8. Royal Clipper uses 220 volt (European) current. You would need to check your devices' chargers to see if they handle that, but my (UK spec) phone / camera / Kindle chargers all cope with that and American 110 volts automatically - I have used them on both Star Clipper and Royal Clipper. Plug adapters are available to borrow on the ship as mentioned in the previous thread.
  9. Is it possible that the sea state may be bad at times in the Mediterranean in September? Yes, of course it’s possible but not usual. Would it make me feel sick if so? Possibly, if you are sensitive to motion sickness. But…in 13 cruises on the Star Clippers ships all around the world, I can only recall two evenings when the dining room was a little light in numbers because some people weren’t feeling like eating due to the motion of the sea. And, of course, there are very effective anti-sickness prophylactics available from your pharmacist to stop you feeling sick in the first place. On the rare occasions when I have felt a little queasy, I find that getting reasonably horizontal sorts the problem out, be it on the bed in my cabin or on a sun bed on deck.
  10. In response to new_cruiser's post: I have enjoyed all the Caribbean routes that Star Clippers operate. In my view, The Grenadines route offers a good variety of beach and town stops, whilst the Treasure Islands route is more beach orientated but is my favourite because it tends to have the best sailing winds (however, be aware that currently there may still be a lot of rebuilding going on in parts of the BVIs following last year's big hurricane). Which route is best for you will depend on your interests and priorities and where you have previously visited - I don't think you can go wrong. I can't really comment on how safe Barbados is for a single woman but the touristy bits that I have visited have all seemed appropriately friendly. I have travelled the Singapore to Phuket route and really enjoyed the variety of ports of call and remote beaches. I have not done any of the circular routes out of Phuket.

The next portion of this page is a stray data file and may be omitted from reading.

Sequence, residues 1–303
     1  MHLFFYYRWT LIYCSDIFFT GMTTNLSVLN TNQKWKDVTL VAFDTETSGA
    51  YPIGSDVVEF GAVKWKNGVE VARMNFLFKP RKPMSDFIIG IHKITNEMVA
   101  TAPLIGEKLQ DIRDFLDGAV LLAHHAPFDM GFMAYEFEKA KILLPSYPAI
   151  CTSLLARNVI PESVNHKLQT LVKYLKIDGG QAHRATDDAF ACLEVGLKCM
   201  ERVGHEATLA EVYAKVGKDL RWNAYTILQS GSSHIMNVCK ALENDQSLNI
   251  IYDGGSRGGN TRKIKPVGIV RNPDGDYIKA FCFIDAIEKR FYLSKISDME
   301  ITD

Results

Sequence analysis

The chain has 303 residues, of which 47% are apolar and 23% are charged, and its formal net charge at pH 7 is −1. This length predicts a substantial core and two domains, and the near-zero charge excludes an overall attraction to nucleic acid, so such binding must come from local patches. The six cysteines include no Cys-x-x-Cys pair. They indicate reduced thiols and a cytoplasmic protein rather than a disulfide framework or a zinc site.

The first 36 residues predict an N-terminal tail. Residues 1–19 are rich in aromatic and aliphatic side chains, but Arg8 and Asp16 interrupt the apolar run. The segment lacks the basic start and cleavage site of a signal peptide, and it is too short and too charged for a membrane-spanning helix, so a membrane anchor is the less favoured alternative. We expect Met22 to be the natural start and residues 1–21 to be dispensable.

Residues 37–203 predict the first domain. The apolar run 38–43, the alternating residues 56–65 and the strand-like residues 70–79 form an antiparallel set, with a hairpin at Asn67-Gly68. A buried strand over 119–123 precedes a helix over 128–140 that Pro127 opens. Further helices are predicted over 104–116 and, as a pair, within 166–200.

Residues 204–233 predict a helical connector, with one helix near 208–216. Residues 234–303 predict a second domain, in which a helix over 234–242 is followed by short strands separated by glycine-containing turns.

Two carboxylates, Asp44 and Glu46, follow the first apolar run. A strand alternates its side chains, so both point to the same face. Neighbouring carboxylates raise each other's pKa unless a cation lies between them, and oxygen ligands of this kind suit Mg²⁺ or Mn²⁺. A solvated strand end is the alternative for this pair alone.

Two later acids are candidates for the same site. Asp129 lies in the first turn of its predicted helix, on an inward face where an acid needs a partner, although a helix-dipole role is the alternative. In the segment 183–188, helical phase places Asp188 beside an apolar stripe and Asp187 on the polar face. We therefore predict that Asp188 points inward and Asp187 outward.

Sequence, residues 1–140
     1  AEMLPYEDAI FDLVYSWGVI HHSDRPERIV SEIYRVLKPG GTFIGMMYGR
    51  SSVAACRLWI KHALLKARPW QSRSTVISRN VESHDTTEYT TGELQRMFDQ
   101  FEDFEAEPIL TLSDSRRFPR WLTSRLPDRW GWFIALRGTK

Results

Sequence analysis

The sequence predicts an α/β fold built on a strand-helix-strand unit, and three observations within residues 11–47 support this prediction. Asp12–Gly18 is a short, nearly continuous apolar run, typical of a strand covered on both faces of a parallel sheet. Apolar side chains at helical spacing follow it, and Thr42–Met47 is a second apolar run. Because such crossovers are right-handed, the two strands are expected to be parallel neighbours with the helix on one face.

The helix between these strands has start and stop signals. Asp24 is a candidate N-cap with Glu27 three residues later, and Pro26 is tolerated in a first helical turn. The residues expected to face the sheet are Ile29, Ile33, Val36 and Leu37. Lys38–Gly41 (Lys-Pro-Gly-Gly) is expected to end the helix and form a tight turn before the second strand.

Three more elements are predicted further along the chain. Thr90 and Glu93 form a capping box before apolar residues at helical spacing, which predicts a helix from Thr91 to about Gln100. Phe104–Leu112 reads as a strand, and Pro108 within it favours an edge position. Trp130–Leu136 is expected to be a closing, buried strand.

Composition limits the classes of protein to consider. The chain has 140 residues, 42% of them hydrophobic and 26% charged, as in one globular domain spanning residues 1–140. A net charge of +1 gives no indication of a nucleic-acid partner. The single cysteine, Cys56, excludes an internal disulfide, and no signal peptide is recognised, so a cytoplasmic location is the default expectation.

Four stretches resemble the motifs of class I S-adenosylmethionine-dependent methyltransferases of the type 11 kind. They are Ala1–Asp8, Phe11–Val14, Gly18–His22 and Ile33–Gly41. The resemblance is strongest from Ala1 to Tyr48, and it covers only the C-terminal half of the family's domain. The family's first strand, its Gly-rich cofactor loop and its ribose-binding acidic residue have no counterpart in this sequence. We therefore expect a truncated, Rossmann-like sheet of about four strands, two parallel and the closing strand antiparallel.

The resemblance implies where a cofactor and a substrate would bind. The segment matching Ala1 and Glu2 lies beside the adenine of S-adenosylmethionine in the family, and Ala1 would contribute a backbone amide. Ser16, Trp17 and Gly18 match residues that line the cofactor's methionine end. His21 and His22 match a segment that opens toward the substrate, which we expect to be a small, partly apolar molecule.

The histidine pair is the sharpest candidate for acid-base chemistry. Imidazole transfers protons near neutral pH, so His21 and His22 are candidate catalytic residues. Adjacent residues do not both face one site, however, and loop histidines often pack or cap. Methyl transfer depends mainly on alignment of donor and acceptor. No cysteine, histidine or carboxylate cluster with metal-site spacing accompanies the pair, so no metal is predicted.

11. I have sailed on both the Royal and the Star ships a number of times, several times in the Caribbean. Route: on my trips, the best sailing was to be found on the Treasure Island itinerary that features the British Virgin Islands (marketed by the BVI's as a 'Yachtsman's Paradise'). However, I also really enjoyed the Grenadines itinerary. Cabin: I don't have experience of the Cat 6 cabins though I note that the Star ones are on the lowest deck whilst the Royal ones are just one deck below the main deck. The Royal has mainly double beds in its Cat 6 whilst the Star has bunk beds - this suggests that the Star cabins are smaller. Eating alone: Royal has one or two small tables but mainly 6 or 8 seaters whilst Star's tables seat between 6 and ten people. For breakfast and lunch you would have no problem sitting by yourself as people arrive at different times so the dining room doesn't get very busy. However, at dinner there is usually a dash for the dining room at 7.30 pm when the bell is rung. To be sure of dining alone you would be best advised to wait until the people who like dining later go down, probably around 8.45 pm. On board during the day it is easy to find a spot to be alone / not have to make small talk. Try the bowsprit nets or the library or the saloon. Clientele: I haven't noticed a difference between types of passengers on the two ships. 'Feel': My personal view is that the Star ships are a bit more involving in good sailing weather than Royal. The fore-and-aft sails mean that the boat is likely to be (smoothly) heeling over in good winds and, because of the sail layout, can operate at wider angles of wind than the Royal's square-rigged sails permit, albeit the Royal can go like a bullet with the wind in the right direction. (Real sailors may care to take me to task at this point because of my sparse knowledge!). In reality, there is not much 'hands on' for passengers to do. Yes, you may get a chance to steer the ship, yes you will get the chance to climb to the crow's nest and yes, at some stage you and your fellow passengers will get the chance to haul a main sail by hand, but that's about it. Price inclusions: sorry, not much! Plentiful (and, usually, very good food); drinking water, tea and coffee 24 hours a day. But excursions, wine and other drinks are all extras. Have a great time and beware....it's easy to get hooked on these ships!